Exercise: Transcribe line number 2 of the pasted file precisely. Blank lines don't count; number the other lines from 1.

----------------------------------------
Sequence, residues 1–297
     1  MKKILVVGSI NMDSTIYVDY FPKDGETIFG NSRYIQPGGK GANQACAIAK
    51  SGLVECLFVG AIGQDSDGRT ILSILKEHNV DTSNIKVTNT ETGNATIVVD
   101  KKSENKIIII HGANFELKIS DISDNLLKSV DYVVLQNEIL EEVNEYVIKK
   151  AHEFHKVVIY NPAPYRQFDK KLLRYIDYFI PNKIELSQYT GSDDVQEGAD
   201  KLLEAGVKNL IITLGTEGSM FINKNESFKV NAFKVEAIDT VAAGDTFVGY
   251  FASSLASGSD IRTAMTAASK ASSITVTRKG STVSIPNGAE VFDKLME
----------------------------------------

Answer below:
     1  MKKILVVGSI NMDSTIYVDY FPKDGETIFG NSRYIQPGGK GANQACAIAK